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Don’t Be Tempted to Reuse Canning Lids

The gasket compound in used lids may fail to seal on jars, resulting in unsafe food.

More people than usual started home gardens this year, which means food preservation supplies are disappearing from store shelves.

“If you cannot find lids or jars in your usual stores, check a variety of retailers,” says Julie Garden-Robinson, North Dakota State University Extension food and nutrition specialist. “You might find the supplies in places you wouldn’t expect.”

You can reuse glass canning jars, but don’t be tempted to reuse canning lids, she advises.

The gasket compound in used lids may fail to seal on jars, resulting in unsafe food.

When jars are processed, the gasket on new lids softens and flows slightly to cover the jar-sealing surface. The lid also allows air to escape from the jar. Then as the jar cools, the gasket forms an airtight seal. Gaskets in unused lids will work well for about five years from the date they were manufactured, according to the National Center for Home Food Preservation.

“If you can’t find new canning lids, you might consider freezing or drying your fruits and vegetables,” Garden-Robinson says.

“Freezing is one of the easiest, most versatile and convenient methods of preserving foods,” she notes. “Properly frozen foods maintain more of their original color, flavor and texture and generally more of their nutrients than foods preserved by other methods.”

NDSU Extension had information on food preservation at https://www.ag.ndsu.edu/food/food-preservation.

If you are able to find new canning lids, be sure to follow the directions on the lid box.

“Most manufacturers do not recommend boiling the lids, even if your grandma or mom always did that,” Garden-Robinson says. “Most of the time, you do not have to warm the lids at all.”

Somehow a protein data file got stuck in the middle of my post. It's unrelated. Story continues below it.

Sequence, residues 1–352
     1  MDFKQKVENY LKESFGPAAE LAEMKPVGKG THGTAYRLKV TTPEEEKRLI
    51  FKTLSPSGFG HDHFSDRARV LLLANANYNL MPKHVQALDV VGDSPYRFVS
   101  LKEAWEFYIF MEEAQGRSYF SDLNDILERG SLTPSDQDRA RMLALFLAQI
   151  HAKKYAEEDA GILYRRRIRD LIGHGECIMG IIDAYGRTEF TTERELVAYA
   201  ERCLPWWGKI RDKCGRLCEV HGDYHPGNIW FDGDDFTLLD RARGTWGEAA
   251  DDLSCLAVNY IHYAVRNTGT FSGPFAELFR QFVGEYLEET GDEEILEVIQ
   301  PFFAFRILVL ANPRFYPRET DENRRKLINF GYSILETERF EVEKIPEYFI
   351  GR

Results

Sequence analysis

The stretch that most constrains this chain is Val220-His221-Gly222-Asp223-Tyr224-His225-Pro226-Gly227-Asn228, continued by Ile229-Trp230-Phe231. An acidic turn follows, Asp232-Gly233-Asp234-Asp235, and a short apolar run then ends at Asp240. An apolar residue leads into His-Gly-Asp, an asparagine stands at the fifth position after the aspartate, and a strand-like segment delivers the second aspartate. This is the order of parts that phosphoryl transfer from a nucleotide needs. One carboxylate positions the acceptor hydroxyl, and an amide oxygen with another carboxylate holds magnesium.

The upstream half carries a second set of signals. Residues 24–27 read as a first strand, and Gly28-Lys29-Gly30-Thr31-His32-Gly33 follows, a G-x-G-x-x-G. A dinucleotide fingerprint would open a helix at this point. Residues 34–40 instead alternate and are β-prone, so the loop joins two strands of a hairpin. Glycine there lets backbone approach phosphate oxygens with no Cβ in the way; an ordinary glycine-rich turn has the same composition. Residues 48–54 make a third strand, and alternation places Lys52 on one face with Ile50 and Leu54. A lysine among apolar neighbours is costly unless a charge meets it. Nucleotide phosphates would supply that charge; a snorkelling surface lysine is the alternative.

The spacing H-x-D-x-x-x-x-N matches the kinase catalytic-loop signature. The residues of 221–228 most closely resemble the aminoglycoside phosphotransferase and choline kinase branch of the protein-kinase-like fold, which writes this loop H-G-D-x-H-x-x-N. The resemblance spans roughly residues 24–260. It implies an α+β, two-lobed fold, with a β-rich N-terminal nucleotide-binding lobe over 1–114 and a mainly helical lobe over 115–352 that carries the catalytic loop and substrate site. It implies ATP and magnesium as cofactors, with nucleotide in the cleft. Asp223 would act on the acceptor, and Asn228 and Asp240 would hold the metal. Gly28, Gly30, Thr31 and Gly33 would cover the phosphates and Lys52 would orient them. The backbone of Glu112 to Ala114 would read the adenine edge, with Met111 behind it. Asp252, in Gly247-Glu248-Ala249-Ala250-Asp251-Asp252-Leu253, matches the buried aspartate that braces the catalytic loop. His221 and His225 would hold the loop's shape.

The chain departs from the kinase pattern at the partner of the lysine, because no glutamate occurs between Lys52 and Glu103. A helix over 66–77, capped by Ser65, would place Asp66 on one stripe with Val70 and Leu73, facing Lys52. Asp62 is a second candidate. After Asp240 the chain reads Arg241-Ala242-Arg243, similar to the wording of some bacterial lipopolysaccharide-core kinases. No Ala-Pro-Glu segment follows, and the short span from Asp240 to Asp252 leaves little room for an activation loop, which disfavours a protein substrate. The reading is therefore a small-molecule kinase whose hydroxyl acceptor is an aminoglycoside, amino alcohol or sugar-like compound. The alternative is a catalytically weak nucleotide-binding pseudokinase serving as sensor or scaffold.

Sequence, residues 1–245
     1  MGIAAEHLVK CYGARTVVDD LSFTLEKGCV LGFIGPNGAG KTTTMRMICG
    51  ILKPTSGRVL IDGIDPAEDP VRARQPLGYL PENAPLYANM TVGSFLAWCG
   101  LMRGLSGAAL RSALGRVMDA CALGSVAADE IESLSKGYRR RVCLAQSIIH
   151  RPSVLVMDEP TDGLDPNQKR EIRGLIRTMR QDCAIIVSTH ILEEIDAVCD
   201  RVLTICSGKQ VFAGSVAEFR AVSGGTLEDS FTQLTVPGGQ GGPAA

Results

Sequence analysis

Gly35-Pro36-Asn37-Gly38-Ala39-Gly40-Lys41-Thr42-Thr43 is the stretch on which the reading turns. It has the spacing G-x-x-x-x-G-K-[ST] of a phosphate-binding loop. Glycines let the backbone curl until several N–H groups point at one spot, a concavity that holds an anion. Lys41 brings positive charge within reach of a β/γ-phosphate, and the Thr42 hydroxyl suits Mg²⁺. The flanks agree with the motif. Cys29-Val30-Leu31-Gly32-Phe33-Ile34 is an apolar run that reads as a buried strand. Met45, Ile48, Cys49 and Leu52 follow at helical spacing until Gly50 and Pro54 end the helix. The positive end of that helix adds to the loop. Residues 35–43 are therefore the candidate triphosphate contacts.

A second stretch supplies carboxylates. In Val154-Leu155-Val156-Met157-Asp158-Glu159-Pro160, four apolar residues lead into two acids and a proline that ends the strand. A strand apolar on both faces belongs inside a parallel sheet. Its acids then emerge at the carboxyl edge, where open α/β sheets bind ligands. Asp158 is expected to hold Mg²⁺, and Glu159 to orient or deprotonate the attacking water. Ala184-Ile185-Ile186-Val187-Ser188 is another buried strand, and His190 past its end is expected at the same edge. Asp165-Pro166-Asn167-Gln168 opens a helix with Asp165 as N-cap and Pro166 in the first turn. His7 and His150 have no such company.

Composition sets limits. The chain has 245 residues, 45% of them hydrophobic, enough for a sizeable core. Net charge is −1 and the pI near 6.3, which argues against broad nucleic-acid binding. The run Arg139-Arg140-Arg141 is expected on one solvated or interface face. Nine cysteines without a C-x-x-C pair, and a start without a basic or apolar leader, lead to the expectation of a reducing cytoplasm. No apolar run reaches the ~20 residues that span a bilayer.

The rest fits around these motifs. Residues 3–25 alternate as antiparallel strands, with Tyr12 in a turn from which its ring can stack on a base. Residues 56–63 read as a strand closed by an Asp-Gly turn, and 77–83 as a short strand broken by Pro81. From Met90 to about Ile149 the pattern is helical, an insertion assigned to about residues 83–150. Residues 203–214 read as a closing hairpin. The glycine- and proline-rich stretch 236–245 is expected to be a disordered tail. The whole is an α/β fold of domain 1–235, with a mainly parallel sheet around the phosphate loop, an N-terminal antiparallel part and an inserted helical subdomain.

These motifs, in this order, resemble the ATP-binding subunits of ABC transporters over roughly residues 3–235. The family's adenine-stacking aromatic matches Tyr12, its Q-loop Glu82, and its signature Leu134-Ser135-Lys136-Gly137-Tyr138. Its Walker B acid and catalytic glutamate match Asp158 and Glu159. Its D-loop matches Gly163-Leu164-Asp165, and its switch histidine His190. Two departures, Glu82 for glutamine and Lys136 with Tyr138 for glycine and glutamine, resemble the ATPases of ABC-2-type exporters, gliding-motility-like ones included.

The practice of pre-warming lids dates back to before 1969, according to canning experts at the corporation that produces Ball canning jars. In earlier canning, people used lids with red rings made of latex, which required heating to soften the plastic.

Canning experts recommend you wash new lids and bands in hot, soapy water. Do not use abrasive materials or cleansers that might scratch or damage the coatings applied to the lids and bands. Rinse them under hot water. Dry the lids and bands and set them aside until you need them.

Garden-Robinson also recommends that you not tighten the screw bands too tightly. Tightening them too tightly can cause seal failures.

“The screw band should be applied fingertip tight using your thumb and ring finger,” she says.

She adds that paraffin or wax seals also no longer are recommended for canning jams and jellies. Jams and jellies need to be topped with two-piece lids and processed in a boiling waterbath canner.

“With all food preservation endeavors, be sure to use appropriate equipment and follow current research-tested canning recipes available from Extension agencies nationwide, the National Center for Home Food Preservation and the U.S. Department of Agriculture,” Garden-Robinson recommends.


NDSU Agriculture Communication - Aug. 25, 2020

Source:Julie Garden-Robinson, 701-231-7187, julie.garden-robinson@ndsu.edu
Editor:Ellen Crawford, 701-231-5391, ellen.crawford@ndsu.edu
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